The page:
So, if you tell someone that their decisions will have no effect on their current mood, remind them to use their brains when making decisions or tell them that using their brain will improve their mood, they will make just as good decisions as someone in a neutral mood.

The intensity of the anticipatory emotions also matter. Easterbrook considered that emotional arousal can be both beneficial and detrimental to the decision-making process. According to his cue-utilisation hypothesis, arousal influences which information is considered relevant and this takes the shape of an inverted U. Little arousal causes individuals to consider irrelevant information, whereas too much arousal may cause them to filter out relevant information. Therefore, emotional arousal can be beneficial when kept in check. A parallel can be made with a finding from social psychology. It was found that when performing familiar behaviour, the arousal caused by the presence of others can enhance performance. Panic, on the other hand, can lead a person to oversee important information and make unwise decisions, whereas a lack of arousal can be seen as a lack of interest in the problem or such as in the case of the patients with vmPFC damage in the study on somatic markers, they failed to consider to relevant information when selecting cards.

Emotions can also be influenced by the vividness of the information. In a study by Hsee and Rottenstreich, participants were willing to spend more money to save one panda when they saw a picture of a fluffy panda than they were willing to spend on saving four pandas when they were conceptualised as four dots on a sheet of paper. Ritov also observed that individuals who were able to vividly imagine their child getting sick as a result of vaccinations were less likely to have their children vaccinated. This can also explain why individuals are willing to pay more for insurance for airplane accidents than for car insurance. Plane crashes are reported on the news and usually involve the death of hundreds of people. We tend to visalise the chaos and fear of the passengers before they hit the ground. Car crashes on the other hand, are everyday events, despite the tragedy, they almost seem mundane.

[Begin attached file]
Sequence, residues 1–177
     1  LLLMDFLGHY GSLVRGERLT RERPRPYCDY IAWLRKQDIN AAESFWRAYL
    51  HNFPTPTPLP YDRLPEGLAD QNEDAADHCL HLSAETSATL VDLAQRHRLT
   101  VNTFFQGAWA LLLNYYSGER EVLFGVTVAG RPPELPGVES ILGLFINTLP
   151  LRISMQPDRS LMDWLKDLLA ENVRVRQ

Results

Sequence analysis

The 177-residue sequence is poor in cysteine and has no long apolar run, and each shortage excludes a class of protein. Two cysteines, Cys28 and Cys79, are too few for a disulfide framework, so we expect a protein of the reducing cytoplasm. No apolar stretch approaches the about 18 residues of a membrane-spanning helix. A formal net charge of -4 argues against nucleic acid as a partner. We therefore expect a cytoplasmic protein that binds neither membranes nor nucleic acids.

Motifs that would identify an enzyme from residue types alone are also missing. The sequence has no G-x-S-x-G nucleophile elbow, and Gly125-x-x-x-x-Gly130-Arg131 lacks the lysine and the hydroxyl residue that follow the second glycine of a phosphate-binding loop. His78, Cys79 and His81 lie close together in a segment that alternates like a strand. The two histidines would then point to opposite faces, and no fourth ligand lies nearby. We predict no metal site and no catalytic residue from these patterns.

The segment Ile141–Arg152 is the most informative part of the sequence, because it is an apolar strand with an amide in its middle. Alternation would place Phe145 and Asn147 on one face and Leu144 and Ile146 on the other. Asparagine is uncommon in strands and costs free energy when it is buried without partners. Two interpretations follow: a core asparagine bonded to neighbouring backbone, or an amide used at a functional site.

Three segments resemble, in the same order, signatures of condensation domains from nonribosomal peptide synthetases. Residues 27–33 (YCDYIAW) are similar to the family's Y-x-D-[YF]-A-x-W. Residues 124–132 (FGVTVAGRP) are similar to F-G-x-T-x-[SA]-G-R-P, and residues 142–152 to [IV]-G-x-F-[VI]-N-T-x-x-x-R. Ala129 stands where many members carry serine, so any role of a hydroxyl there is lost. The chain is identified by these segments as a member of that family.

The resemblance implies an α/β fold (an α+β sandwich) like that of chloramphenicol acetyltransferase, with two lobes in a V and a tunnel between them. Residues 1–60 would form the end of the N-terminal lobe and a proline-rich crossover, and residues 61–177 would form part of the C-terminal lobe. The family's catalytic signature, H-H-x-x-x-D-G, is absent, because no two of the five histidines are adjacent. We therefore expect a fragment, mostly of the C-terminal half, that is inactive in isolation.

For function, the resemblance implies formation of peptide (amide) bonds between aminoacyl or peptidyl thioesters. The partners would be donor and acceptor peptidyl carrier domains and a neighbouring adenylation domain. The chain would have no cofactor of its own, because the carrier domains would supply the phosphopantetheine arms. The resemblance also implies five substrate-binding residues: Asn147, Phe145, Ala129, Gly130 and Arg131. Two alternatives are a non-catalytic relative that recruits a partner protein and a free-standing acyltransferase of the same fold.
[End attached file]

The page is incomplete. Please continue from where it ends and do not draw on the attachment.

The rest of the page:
99.9999% of times, it’s the white sheep that is going to kill you and not the black one. Source: Wikimedia Commons

Anticipatory emotions also do not take probabilities into consideration. Baumeister et al. refers to a study in which, participants were willing to spend more money to reduce pesticide-related deaths from 5 in 10 000 to 0 in 10 000, than they were willing to spend on a reduction from 15  in 10 000 to 5 in 10 000, despite the latter representing a greater reduction in the amount of deaths. Lazarus et al. also observed that participants showed elevated levels of skin conductance response when they were informed that they could receive a shock, regardless if the chances were high or low and that they only stopped showing a skin conductance response when there was zero chance of receiving a shock. We have an all or nothing perspective. One question I ask myself though is, there is always a small chance that an asteroid hits the Earth, but we don’t really concern ourselves with that, so it’s more like all or almost nothing.